Abdonia Liufeto is a young farmer in Saenam village in West Timor; she and her husband, Absadon Tefa have a daughter, Anisa, who is almost two years old. Saenam, like villages in this remote part of eastern Indonesia, is perennial prone to polar opposite natural disasters: drought and floods. And, access to clean water is low and latrines are few, so open defecation common. Other conditions of rural poverty and isolation are evident in the area, too.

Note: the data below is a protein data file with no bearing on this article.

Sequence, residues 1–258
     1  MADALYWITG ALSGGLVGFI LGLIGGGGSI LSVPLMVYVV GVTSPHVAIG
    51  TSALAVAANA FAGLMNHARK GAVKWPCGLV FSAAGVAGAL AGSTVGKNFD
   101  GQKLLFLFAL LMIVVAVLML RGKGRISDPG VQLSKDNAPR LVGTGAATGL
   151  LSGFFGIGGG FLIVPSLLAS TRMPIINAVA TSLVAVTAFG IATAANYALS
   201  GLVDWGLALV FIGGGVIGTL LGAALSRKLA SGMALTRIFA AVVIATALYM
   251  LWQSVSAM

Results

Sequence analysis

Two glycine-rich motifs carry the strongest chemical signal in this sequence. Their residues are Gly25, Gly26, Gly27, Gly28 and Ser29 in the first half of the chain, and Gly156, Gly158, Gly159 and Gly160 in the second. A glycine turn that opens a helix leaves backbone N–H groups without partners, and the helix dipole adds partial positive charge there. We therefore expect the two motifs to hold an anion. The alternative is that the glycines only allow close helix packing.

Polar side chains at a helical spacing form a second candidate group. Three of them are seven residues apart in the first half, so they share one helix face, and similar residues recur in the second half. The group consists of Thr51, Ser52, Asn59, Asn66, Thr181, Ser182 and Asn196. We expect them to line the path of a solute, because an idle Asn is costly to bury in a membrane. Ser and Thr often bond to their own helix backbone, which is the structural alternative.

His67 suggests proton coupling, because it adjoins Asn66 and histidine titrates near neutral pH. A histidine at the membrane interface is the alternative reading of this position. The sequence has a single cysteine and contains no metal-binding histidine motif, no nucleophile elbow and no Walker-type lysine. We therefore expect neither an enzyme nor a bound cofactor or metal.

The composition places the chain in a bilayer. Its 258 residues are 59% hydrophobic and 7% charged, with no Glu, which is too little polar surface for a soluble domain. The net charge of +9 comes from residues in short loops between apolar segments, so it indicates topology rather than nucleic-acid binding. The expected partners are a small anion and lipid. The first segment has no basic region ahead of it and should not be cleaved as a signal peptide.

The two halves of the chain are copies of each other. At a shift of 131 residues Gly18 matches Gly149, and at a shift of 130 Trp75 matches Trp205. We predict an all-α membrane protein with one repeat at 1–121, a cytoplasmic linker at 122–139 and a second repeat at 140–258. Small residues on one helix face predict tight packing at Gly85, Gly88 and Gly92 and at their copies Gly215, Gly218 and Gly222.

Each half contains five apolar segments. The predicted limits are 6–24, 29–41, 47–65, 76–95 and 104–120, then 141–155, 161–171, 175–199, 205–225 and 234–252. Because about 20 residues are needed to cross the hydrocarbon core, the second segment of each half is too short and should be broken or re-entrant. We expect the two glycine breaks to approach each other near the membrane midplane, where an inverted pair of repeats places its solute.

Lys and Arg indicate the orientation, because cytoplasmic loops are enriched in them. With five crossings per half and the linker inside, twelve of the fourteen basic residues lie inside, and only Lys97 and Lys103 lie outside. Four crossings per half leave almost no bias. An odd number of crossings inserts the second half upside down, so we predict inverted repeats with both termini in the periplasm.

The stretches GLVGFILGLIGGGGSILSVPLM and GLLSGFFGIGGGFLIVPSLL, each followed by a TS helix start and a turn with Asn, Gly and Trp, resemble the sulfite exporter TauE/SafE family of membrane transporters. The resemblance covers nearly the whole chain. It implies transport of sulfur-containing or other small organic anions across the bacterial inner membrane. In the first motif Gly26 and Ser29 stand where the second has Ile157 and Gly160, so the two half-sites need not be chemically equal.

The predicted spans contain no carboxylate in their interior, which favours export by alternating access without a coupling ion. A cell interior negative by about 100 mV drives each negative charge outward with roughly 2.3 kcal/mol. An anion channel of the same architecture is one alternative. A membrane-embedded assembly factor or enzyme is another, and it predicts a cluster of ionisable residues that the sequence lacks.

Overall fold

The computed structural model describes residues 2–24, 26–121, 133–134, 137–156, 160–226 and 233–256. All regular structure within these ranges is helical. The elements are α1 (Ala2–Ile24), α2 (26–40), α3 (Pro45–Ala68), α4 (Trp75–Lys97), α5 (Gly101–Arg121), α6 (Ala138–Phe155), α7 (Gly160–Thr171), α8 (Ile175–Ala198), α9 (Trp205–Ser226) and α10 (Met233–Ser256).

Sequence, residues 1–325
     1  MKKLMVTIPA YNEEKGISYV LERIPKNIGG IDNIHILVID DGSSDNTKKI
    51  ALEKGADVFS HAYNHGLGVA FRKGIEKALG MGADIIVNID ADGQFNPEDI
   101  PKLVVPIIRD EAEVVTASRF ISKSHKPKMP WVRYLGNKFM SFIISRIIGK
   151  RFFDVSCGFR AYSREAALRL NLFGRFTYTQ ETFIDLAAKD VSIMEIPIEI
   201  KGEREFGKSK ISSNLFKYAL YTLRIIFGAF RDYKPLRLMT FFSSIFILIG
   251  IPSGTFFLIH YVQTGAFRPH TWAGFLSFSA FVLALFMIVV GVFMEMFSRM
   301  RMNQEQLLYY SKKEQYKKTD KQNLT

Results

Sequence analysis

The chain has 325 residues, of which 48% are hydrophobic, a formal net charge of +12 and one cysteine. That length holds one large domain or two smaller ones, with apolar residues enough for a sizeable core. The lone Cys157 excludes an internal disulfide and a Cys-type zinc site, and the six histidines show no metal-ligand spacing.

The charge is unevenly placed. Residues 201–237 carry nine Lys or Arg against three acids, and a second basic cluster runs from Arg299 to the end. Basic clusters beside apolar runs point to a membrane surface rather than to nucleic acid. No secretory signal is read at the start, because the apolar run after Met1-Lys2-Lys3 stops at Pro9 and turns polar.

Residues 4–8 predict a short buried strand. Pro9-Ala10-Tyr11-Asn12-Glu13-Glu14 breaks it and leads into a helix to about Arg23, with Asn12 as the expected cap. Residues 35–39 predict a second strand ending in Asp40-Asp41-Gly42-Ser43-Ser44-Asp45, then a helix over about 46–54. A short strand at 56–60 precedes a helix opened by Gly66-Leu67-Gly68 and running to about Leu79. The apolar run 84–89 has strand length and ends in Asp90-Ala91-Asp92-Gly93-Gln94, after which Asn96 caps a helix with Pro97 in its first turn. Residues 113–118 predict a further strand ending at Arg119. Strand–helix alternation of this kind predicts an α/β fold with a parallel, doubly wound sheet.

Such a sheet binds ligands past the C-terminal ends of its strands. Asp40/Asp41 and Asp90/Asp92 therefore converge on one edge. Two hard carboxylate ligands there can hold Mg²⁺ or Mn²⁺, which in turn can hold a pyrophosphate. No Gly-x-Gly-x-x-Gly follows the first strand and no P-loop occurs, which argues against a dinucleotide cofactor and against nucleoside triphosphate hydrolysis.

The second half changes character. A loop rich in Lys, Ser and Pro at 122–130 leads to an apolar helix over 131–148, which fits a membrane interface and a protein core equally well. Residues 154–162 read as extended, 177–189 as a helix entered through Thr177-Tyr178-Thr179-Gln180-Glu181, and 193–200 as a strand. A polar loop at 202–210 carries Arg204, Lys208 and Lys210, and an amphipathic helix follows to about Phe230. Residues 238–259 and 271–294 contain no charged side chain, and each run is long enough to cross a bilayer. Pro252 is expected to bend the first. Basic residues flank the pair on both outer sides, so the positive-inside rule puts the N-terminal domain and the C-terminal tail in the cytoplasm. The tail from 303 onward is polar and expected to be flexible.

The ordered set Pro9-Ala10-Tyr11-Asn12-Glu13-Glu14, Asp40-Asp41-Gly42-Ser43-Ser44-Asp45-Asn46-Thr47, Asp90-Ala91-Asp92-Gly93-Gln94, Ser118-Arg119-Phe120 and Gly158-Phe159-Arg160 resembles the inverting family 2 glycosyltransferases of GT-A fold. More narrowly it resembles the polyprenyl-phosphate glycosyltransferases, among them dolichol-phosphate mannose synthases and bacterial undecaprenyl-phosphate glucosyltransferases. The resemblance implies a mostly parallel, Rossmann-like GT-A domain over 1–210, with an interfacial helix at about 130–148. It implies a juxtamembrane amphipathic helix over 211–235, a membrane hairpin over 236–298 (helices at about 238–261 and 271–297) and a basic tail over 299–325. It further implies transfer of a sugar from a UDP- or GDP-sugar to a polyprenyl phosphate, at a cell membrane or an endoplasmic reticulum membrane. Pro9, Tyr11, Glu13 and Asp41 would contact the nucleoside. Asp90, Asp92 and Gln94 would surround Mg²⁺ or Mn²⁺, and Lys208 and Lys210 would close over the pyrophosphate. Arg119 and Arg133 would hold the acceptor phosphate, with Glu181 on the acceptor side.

Of concern to Abdonia and Absadon is the way that all these things lead to malnutrition in young children, and so they worry for Anisa. But, by joining activities in the Timor Zero Hunger project Anisa’s parents are now raising chickens and planting a variety of nutritious vegetables for her. “We used to plant only cassava and papaya, with those leaves our only vegetables,” remembers Abdonia. “We now have many different vegetables and we also know how to plant and care for them well by making and using organic fertilizer and using our water wisely. Since we started our garden just six months ago, we have already harvested four times, and what we don’t eat ourselves I have been able to sell in the market to earn almost $40, which I’m saving to protect Anisa’s health even more by improving our latrine.”
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